NEW YORK (TheStreet) -- The recent Apple (AAPL) earnings report reminds us there is a specific agenda in mind by investors and analysts who cater to investors. That is, gain smartphone unit share growth and dominance at any cost.
The reasoning behind the agenda is as follows: If Apple can seize the upper hand against smartphone competitors by virtue of increasing unit share, then the competitors suffer and Apple dominates the market. That means that, unfettered by realistic competition, Apple can grow exponentially. That, in turn, means Apple becomes a growth stock, insofar as smartphone sales go, and that's a significant portion of Apple's revenue.
A growth stock means that X dollars invested now will bring X + Y dollars at some short-term point down the road. In other words, Apple puts money in investor pockets. Any Apple strategy that doesn't do that is disagreeable.
That hasn't been happening, and investors are upset.
However, it was happening in 2011 when Apple's iPhone and, most notably, the iPad were doing well. Google's (GOOG) Android was much less mature. Amazon (AMZN) hadn't yet released the Kindle Fire series. Hewlett-Packard was struggling with its Touchpad, and the BlackBerry (BBRY) Playbook and the Motorola Xoom were disasters. It seemed like no one but Apple would ever figure out how to build a decent tablet. Money poured into AAPL, and the stock eventually zoomed to $700.
It also happened when Microsoft (MSFT) had 95% OS market share and called the shots, and there's a certain nostalgia for the days of market share domination. But then Windows wasn't considered the premium operating system the Mac OS X was. The analogy fails, and that's instructive.
Apple's Different Agenda
Nowadays, the Apple competition is more sophisticated and accomplished. That means Apple has to be careful about its brand. For example, if Apple were to lower the cost and value of its iPhones to increase unit share, several bad things would happen. First, in the U.S. where carrier subsidies have traditionally set a fixed customer price up front, the back-end payments to Apple would decline resulting in lower revenue.
Next, globally, where carrier subsidies are less common, the iPhone would be thrown into a price war with competitors. Demand would surge and Apple would risk not being able to meet demand for a product whose legacy had been quality but is seen to be deteriorating. That's long-term damage. Not being able to meet demand (in the short term) for a degraded product brand (in the long term) is a recipe for disaster. All too quickly, unit share would decline instead of rising.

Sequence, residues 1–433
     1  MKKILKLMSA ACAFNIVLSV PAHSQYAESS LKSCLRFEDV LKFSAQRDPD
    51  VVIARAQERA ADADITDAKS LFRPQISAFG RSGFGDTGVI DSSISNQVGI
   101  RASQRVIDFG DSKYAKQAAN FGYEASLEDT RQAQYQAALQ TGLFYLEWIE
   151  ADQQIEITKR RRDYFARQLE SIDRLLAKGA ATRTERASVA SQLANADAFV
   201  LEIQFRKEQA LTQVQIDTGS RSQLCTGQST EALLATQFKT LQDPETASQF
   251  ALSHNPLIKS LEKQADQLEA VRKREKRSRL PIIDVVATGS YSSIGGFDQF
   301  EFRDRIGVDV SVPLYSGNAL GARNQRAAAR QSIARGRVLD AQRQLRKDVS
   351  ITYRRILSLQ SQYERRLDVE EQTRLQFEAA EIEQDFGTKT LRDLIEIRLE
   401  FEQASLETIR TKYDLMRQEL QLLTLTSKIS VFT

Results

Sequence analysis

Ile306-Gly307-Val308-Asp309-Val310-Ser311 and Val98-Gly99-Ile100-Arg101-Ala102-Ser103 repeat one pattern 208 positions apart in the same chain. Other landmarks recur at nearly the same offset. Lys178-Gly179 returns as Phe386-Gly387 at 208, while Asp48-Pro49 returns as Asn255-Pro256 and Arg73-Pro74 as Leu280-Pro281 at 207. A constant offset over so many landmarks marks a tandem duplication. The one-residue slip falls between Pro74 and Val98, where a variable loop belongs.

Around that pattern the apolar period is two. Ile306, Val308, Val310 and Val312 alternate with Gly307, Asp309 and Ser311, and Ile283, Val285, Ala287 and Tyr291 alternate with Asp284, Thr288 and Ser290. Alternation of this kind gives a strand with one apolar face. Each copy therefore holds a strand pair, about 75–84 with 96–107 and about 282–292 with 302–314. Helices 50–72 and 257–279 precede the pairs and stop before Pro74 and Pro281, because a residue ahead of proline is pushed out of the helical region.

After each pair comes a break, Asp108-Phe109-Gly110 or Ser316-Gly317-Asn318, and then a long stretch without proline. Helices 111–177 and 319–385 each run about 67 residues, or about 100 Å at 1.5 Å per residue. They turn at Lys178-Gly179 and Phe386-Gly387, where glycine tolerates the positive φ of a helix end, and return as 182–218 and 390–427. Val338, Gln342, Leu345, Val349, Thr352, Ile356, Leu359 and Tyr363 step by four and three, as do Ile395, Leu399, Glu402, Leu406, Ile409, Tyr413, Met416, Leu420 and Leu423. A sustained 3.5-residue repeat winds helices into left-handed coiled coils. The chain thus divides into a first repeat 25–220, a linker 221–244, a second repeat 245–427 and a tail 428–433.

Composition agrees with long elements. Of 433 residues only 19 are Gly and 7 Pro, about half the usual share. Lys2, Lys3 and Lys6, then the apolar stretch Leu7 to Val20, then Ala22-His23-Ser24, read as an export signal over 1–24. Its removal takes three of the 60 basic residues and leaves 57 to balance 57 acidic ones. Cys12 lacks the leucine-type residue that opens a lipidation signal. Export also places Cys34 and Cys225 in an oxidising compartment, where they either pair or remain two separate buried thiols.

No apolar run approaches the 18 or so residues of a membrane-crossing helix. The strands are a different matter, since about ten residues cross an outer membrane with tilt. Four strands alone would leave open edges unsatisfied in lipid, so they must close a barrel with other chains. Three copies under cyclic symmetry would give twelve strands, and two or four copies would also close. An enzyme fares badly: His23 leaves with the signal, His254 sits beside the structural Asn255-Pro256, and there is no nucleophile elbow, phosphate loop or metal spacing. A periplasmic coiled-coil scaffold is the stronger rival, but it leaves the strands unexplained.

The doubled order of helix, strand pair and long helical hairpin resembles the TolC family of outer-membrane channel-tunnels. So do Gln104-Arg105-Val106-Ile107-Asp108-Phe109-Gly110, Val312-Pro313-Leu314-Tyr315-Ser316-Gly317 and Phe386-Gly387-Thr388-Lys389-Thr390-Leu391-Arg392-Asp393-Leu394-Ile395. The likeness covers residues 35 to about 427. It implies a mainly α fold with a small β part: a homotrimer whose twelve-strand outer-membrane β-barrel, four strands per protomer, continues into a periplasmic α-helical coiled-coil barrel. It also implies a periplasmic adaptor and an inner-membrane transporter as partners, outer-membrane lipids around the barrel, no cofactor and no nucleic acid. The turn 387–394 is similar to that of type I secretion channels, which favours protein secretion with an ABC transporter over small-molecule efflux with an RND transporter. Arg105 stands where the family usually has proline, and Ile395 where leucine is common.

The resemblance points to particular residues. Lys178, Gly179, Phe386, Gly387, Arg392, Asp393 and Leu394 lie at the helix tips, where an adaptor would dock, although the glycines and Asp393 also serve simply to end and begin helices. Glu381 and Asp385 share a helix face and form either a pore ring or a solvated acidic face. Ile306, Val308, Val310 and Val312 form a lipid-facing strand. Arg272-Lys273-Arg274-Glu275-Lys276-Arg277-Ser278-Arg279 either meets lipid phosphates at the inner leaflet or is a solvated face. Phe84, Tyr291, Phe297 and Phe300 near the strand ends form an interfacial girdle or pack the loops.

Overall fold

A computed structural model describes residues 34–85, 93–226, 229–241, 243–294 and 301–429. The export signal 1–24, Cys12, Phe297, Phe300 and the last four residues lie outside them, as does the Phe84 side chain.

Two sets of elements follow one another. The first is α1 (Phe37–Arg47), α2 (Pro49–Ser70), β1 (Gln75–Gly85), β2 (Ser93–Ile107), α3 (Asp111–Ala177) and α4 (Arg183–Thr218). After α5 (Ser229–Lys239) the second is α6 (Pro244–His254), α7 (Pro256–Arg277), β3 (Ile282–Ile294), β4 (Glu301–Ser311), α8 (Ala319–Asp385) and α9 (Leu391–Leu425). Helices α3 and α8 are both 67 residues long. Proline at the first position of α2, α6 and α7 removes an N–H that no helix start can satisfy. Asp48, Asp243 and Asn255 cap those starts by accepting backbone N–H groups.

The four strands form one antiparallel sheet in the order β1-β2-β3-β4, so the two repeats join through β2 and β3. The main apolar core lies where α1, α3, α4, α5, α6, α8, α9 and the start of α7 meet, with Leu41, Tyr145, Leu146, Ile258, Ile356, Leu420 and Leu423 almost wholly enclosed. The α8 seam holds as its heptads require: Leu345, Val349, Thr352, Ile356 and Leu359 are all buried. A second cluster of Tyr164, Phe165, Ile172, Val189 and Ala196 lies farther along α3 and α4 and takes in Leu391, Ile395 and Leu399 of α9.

Instead, Apple is looking at something more important than unit share, and that's unit sales. Continued growth in unit sales is a healthy sign. Here's a chart of Apple's iPhone unit sales (in millions per quarter) since the iPhone launch in 2007.
This growth curve, with a best fit, looks like the rising part of the classic Gaussian curve. Sitting on the early, growth part of the Gaussian curve means that more growth, exponential growth, is in the offing, and that's what investors should be fundamentally interested in because it reflects the long-term health and prosperity of Apple.
Continued growth in unit sales means Apple isn't going out of business anytime soon, contrary to inattentive analysis by some.
On the other hand, competing for unit share with a degraded brand and lower prices (again, unable to meet demand -- for awhile) would mean that customers would rally behind the former underdogs who would seize opportunity for leadership, and the unit sales Gaussian would start to peak and then decline too early. That means Apple's hand would be forced with regard to the timing of its new product categories, for example, the mythical iWatch or a next generation TV system.
The rising part of the Gaussian for unit sales of an existing product is the right time to be developing a future product.
The reason is that new Apple product categories disrupt current products, and it takes time to develop a quality product, in line with Apple's vision, with new technology that fits into Apple's current infrastructure and has a deep understanding of real human needs.
Lots of companies can make good enough smartphones these days. But there is only one iPhone. To gain overall unit share against all those companies means reducing the product quality so severely that Apple would no longer be such a desirable brand. The iPhone unit sales would peak early, then decline, reducing available R&D funds and forcing Apple to introduce a new product category prematurely, before it's fully baked. That, in turn, would lead to a further damage to Apple's brand and a downward spiral of the company.
Timing is everything.
But some investors would rather ride the Apple stock for all its worth, cash in, watch Apple fail, then move on to the next growth opportunity. CEO Tim Cook, being a good steward, isn't interested in that scenario.
At the time of publication the author had a position in AAPL.
This article represents the opinion of a contributor and not necessarily that of TheStreet or its editorial staff.